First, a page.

medschool

A Prayer that Every AlmostDoc Should Know

John Abele, Co-founder & Director of Boston Scientific, explains how The Serenity Prayer applies to many things in life. He describes its importance and relevance in public health and personal medicine, as the prayer asks for wisdom that is useful in triaging. Read more about John Abele. Videotaped at FutureMed, in February, 2013, at Singularity University.   Featured image taken from Flickr | manoj...

Lies You’ll Tell as a Med Student (And Maybe Beyond)

Telling a lie for the sake of medical training? Fair game. Am I right? AM I RIGHT?  Check out more from Dr. Fizzy...

New Phone App May Just Be the Cheat Sheet Every Doctor Needs

Epocrates is offering their amazing app to medical students for free ($159 value)! The app provides information about drug indications, drug interactions, health insurance plans and much more. Check out the demo video below and click here to get the app for FREE.     Featured image is screen shot taken from video...

“Memory Hacks” Part I: The Baker/baker Paradox

What can medical education take away from a USA Memory Champion?! In 2006, Joshua Foer won the USA Memory Championships by, among other things, memorizing the order of a 52 card deck in a staggering 1 minute and 40 seconds. Other events in the competition included remembering the most names of strangers and reciting the most lines of poetry. Perhaps more astounding is that Foer had been covering the event as a journalist in 2005 and, in just one year, had trained himself to the level of USA champion.  Foer chronicled his incredible journey in a New York Times bestseller, Moonwalking with Einstein, and a famous TED talk watched over 250,000 times. Medical students are often told during the first-week of school that studying will be “like drinking water from a firehose”. Indeed, the pace and volume are certainly ramped up in comparison to college. While a 4-unit class at UC Santa Barbara would cover 30 hours of material over a 10-week period, exams at my medical school typically engrossed 35 hours of lecture crammed into a mere 2 weeks. Breaking down the lectures, I found between 15-20 testable details in each lecture making for 525-700 items to learn for each exam. Tracking the hours I spent studying for an exam showed I was spending about 75 hours in order to memorize up to 700 testable points. The fact...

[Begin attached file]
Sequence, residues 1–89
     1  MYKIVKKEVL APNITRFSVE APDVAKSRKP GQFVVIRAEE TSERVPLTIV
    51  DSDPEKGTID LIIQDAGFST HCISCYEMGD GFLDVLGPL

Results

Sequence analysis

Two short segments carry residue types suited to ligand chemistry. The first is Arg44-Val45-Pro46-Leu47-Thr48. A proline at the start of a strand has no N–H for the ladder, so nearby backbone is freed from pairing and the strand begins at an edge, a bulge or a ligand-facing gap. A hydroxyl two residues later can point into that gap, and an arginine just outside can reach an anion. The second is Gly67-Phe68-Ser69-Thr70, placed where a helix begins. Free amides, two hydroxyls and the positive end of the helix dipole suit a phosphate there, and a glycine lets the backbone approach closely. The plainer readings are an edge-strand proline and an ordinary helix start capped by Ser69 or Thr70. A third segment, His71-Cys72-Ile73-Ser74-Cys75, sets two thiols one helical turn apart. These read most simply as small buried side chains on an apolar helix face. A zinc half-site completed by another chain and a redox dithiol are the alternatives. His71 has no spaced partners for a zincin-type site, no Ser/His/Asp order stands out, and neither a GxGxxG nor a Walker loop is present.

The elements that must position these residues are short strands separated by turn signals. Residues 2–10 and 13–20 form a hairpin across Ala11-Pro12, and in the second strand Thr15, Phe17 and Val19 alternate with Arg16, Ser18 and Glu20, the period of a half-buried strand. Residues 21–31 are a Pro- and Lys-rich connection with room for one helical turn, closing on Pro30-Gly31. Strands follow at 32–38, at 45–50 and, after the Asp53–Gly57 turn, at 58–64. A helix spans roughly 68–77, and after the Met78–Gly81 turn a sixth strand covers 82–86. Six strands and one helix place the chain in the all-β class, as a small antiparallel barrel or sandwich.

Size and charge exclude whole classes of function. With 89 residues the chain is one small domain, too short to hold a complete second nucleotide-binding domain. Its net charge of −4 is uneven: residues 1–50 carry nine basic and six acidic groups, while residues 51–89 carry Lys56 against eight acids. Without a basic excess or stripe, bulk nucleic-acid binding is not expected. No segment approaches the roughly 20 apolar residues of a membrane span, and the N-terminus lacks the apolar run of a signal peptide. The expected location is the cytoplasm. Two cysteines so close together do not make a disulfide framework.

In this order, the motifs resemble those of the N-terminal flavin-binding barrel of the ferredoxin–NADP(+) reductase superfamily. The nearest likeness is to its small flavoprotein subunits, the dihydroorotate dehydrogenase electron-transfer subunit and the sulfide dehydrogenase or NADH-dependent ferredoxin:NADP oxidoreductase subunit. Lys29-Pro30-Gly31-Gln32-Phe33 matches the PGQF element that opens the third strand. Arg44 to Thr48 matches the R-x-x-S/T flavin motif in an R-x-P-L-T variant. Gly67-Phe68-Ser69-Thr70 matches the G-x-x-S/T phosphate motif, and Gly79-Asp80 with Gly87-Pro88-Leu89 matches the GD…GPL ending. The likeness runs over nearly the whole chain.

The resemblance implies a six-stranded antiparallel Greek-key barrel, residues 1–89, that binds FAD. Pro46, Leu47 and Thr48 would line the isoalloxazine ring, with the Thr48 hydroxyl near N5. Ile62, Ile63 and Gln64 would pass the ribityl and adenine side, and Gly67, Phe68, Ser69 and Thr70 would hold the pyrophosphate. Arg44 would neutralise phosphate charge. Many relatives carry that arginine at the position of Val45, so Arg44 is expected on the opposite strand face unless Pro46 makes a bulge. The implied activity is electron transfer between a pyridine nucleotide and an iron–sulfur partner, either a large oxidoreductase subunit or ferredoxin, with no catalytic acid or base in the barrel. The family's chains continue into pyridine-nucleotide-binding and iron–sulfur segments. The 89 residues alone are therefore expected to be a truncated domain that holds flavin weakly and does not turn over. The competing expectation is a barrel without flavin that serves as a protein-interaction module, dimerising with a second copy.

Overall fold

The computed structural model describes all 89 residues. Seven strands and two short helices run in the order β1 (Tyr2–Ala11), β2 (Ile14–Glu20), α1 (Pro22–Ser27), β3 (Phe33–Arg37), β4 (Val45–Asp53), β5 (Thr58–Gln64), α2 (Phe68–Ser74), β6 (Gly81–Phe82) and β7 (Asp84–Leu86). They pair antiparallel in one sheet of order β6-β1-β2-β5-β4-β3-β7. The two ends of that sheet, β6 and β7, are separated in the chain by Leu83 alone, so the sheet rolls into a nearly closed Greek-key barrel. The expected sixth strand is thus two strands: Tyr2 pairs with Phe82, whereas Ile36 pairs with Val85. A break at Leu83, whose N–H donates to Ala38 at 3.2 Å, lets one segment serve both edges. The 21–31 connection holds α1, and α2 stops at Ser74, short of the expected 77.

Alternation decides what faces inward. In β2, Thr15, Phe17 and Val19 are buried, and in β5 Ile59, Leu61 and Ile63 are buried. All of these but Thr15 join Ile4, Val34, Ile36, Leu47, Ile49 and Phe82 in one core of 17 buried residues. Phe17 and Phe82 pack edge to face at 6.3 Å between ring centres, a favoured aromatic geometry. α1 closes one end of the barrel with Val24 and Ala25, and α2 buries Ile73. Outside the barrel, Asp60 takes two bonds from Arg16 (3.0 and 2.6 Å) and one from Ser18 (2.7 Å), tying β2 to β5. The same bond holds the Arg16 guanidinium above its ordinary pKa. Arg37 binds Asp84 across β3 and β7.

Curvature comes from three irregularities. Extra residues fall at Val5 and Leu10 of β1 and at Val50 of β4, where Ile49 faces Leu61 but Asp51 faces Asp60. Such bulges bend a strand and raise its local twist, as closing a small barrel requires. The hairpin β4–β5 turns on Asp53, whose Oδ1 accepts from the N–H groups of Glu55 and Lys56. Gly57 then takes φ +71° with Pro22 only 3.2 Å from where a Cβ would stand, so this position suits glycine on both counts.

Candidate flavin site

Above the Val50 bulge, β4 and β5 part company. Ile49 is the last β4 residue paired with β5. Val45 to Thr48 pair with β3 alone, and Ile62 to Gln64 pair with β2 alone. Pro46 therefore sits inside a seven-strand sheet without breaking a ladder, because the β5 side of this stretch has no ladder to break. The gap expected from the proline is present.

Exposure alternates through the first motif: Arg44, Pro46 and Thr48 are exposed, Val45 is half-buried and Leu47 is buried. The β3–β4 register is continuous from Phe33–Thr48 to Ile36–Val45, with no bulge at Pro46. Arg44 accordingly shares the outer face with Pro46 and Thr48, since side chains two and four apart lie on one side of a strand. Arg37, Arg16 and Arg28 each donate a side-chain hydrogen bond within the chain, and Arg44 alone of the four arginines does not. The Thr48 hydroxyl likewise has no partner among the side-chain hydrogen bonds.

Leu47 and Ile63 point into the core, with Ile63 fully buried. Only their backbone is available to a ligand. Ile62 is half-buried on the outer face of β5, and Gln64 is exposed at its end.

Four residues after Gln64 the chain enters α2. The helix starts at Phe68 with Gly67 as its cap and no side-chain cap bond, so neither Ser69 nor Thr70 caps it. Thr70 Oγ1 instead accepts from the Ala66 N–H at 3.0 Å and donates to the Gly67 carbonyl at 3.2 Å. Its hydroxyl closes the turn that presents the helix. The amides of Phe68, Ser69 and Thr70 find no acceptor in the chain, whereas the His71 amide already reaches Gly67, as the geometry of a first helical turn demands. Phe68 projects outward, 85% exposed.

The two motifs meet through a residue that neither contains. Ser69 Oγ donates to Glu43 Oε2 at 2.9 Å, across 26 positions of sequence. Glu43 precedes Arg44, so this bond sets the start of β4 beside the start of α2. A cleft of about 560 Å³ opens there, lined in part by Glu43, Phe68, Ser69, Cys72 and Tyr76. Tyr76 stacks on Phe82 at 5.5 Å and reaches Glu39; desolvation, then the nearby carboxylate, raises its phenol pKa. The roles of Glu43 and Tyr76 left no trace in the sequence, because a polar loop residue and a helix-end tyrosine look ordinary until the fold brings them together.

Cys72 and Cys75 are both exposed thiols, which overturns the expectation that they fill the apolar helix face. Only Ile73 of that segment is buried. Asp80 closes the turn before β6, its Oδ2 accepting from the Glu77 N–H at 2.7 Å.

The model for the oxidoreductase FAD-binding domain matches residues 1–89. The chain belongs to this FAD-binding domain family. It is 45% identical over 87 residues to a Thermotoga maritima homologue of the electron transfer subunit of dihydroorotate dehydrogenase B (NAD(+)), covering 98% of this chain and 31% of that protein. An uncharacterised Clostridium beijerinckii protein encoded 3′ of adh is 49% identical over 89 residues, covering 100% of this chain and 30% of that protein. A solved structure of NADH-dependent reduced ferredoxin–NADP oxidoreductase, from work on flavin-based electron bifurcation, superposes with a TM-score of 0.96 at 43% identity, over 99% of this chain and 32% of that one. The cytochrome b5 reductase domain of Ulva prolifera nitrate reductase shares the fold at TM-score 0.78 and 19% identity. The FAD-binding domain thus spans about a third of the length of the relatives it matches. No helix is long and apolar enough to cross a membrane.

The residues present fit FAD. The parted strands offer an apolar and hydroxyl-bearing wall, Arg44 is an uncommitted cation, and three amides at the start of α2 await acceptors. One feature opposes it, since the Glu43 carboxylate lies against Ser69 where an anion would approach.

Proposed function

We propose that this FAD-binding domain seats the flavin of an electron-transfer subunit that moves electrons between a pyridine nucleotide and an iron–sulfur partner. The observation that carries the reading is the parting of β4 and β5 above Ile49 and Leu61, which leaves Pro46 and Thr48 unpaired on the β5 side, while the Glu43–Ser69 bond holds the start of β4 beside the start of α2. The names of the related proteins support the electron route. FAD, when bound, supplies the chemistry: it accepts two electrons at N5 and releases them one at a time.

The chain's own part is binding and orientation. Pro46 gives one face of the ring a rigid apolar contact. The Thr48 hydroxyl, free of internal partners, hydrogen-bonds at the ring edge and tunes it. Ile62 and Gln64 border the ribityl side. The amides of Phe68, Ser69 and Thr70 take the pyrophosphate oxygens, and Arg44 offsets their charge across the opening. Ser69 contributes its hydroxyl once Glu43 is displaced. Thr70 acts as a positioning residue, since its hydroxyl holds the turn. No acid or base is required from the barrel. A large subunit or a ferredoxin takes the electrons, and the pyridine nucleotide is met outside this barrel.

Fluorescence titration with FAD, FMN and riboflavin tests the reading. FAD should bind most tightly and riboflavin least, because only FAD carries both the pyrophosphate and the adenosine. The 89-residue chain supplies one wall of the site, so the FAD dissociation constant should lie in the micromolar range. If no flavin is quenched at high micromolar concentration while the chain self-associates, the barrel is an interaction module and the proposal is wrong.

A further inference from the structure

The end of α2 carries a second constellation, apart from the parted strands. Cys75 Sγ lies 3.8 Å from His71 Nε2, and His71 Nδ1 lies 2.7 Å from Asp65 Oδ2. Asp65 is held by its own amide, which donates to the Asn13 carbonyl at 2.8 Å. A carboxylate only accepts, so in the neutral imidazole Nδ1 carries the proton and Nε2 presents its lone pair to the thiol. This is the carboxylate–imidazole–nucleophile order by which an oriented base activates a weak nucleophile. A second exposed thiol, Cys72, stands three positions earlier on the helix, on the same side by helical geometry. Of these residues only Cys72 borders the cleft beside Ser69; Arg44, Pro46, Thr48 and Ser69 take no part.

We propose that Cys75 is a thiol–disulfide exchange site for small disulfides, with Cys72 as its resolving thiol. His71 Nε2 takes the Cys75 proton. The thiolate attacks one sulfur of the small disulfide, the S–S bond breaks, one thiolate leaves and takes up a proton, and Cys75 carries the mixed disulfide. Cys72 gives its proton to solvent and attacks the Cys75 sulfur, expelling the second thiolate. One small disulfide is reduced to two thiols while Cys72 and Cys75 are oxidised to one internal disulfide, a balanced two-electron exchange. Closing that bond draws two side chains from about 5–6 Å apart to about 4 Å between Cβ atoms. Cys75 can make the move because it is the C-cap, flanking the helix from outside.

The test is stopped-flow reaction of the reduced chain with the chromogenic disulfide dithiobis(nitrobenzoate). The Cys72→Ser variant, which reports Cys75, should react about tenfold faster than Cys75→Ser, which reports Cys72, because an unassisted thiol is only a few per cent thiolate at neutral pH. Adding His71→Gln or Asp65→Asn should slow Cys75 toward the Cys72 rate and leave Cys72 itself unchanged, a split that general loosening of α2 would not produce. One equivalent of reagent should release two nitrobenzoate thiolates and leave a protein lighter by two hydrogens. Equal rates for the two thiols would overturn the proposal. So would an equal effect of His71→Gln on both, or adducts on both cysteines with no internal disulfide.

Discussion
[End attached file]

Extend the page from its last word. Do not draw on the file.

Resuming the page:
Molecular Movies: A Visual Study Aid

The start of med school can be tricky. A syllabus that could have taken months at your undergraduate institution can be condensed into just a few weeks. Figuring out how to keep up with all the information is tough, especially because every person learns differently. And to top it all off, there are no shortage of study aids from review books to flash cards to apps. What’s a newbie med student to do? If you’re the kind of person that learns best visually, then we may have the perfect fix for you: molecularmovies.com. It’s basically a website that has aggregated many of the best educational animations out there on the web for topics in biology and medicine. If you’re someone like me, trying to figure out cell biology or biochemistry by interpreting the movement of molecules from words on a page can be daunting. But a short animation can really help make the relationships and interactions memorable. This site takes away all the hassle of having to search on youtube/google by giving you the best animations topic by topic. Here are a couple of examples from the site: DNA Replication: Breast Stem Cells: The Whole Brain Catalog: There are many more categories including: Apoptosis, Viruses, Development, the Immune System, etc. Note: Some of the links may not be working on this site, but overall, it’s a pretty expansive playlist. Featured...